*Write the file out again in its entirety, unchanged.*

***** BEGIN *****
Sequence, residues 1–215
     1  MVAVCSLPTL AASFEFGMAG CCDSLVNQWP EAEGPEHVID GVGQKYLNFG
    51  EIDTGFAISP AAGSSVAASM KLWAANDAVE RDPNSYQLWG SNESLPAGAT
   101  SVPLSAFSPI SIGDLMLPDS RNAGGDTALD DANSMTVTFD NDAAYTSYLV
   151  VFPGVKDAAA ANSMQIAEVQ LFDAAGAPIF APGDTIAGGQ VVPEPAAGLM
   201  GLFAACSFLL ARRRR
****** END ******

Sequence, residues 1–215
     1  MVAVCSLPTL AASFEFGMAG CCDSLVNQWP EAEGPEHVID GVGQKYLNFG
    51  EIDTGFAISP AAGSSVAASM KLWAANDAVE RDPNSYQLWG SNESLPAGAT
   101  SVPLSAFSPI SIGDLMLPDS RNAGGDTALD DANSMTVTFD NDAAYTSYLV
   151  VFPGVKDAAA ANSMQIAEVQ LFDAAGAPIF APGDTIAGGQ VVPEPAAGLM
   201  GLFAACSFLL ARRRR